Spotted-Belly catshark

Recently described catshark in Indonesia

The Spotted Belly catshark (Atelomycterus erdmanni) is a species of shark belonging to the family Scyliorhinidae. It is found in eastern Indonesia. It is a more recently described catshark, having several similarities to its family members, but clear and identifiable differences.


Family: Scyliorhinidae – Catsharks

Genus: Atelomycterus 

Species: erdmanni


Phylum– Chordata

Class– Chondrichthyles


Common NameGround Sharks

Family– Scyliorhinidae

Common NameCatsharks




Average Size and Length: Males have been recorded at 50.1 cm/1.6 feet and female at 50.8 cm/1.7 feet.

Head: They have a relatively short snout between 3.4-3.8% of the total length. The head length is between 17.5-17.9% of the total length.

Denticles: They have strongly tricuspid denticles with an elongate medial cusp.

Demographic, Distribution, Habitat, Environment and Range: The Spotted-Belly catshark can be found in the western Pacific in Indonesia. They are tropical, reef-associated found at a depth of between 9-203 feet.

Aesthetic Identification: The color pattern of the Spotted-Belly catshark has dark brown to black and white spots and blotches, and faint dark brown saddles. The white spots are surrounded by 2-4 dark spots. The dark spots are scattered along most of the ventral surface, which is less distinct in males. A distinct white stripe runs through the upper third of the gill slits.

The Spotted-Belly catshark differs from the Bali catshark in having white spots present over the body, it has a larger first dorsal fin, paired fins closer together, and pelvic fins farther apart from the ventral caudal-fin origin. The Spotted-Belly catshark differs from the Coral catshark in having far less numerous white spotting, a larger first dorsal fin, and the clasper glans about half length of clasper outer margin.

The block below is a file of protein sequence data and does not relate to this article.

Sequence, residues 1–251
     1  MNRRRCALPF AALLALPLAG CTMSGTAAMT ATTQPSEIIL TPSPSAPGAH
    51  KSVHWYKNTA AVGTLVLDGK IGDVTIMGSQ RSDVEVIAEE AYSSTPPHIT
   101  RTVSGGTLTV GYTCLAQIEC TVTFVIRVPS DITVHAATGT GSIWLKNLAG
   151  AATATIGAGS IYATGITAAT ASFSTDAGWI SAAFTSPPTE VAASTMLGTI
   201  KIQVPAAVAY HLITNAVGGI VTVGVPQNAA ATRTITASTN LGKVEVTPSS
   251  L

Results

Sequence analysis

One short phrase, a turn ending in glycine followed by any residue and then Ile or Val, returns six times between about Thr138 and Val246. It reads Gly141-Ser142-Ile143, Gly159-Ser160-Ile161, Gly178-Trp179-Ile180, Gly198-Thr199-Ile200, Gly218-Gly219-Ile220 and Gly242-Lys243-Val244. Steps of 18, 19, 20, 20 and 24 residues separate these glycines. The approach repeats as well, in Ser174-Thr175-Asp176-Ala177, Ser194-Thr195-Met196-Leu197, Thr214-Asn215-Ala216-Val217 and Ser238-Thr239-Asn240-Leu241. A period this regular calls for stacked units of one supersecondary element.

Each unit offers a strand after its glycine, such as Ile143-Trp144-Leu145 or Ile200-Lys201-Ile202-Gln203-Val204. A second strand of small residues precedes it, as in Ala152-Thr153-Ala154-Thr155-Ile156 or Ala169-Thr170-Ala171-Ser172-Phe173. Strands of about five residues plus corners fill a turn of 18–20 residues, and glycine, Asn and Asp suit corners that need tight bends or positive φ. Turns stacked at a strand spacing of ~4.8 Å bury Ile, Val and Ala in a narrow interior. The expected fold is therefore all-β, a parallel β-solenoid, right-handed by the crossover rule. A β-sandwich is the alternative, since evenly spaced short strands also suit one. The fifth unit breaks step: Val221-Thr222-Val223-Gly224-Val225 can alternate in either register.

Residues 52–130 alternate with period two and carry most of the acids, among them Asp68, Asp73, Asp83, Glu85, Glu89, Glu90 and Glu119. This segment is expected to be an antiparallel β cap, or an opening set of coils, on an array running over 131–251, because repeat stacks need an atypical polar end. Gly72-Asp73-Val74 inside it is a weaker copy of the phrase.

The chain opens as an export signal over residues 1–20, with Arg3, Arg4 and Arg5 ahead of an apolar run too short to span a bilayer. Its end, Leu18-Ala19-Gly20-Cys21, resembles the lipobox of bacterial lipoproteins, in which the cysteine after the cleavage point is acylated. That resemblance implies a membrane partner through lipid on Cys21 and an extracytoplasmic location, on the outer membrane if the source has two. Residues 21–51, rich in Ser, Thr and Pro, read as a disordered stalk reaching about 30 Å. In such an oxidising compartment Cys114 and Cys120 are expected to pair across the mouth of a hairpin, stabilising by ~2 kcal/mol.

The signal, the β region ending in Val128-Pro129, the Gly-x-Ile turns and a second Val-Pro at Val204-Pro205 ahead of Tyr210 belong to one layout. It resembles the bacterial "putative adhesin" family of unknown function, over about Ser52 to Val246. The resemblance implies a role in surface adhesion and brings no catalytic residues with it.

The precaudal length is between 76.6-79.1% of the total length. The interdorsal space is between 13.4-13.7% of the total length. The distance between the pectoral and pelvic fins and pelvic to anal fins is about equal. The ratio of the pectoral-pelvic and pelvic-anal is between 1.01-1.02. The anal-fin length to anal-fin base ratio is 1.29. They have moderately falcate dorsal fins with posterior margins sloping anteroventrally from fin apices.

Reproductive System: The claspers of the adult males are relatively short; the outer length is 9% of the total length. The clasper base width is 15.5% of the clasper outer length, they are not stubby, not tapering from base to tip. The clasper glans extends to about half of the clasper outer length. The cover of the rhipidion is relatively narrow. The rhipidion is moderately large, partly concealed by the cover of the rhipidion and exorhipidion. The pseudosiphon is about half the length of the cover of the rhipidion. The clasper tip is narrow and bluntly pointed.

Biology and Reproduction: Not much is known, but they are more than likely oviparous.

Behavioral Traits, Sensing and Intelligence: Not much is known about their behavior, but they have been observed by dive operators in North Sulawesi and Ambon on night dives at depths of 9-49 feet, so more than likely they are nocturnal.

Spotted-Belly Catshark Future and Conservation: Not evaluated.

Spotted-Belly Catshark Recorded Attacks on Humans: Not a threat to humans.